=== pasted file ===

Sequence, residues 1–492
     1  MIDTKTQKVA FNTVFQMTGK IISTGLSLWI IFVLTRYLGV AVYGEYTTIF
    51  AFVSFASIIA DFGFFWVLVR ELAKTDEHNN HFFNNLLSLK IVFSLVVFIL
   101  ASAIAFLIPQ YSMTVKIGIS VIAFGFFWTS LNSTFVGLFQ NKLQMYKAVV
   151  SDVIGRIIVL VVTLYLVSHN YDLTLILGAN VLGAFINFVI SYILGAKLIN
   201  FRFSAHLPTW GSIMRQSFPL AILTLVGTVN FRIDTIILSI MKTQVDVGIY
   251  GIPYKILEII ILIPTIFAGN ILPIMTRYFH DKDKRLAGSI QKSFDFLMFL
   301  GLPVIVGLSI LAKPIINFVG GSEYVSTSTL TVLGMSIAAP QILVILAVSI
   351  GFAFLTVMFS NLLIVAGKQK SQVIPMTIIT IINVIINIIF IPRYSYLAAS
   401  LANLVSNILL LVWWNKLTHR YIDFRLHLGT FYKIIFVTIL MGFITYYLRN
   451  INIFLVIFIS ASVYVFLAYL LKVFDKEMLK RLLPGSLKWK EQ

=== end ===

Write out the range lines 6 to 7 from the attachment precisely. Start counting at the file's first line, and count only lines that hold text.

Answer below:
   201  FRFSAHLPTW GSIMRQSFPL AILTLVGTVN FRIDTIILSI MKTQVDVGIY
   251  GIPYKILEII ILIPTIFAGN ILPIMTRYFH DKDKRLAGSI QKSFDFLMFL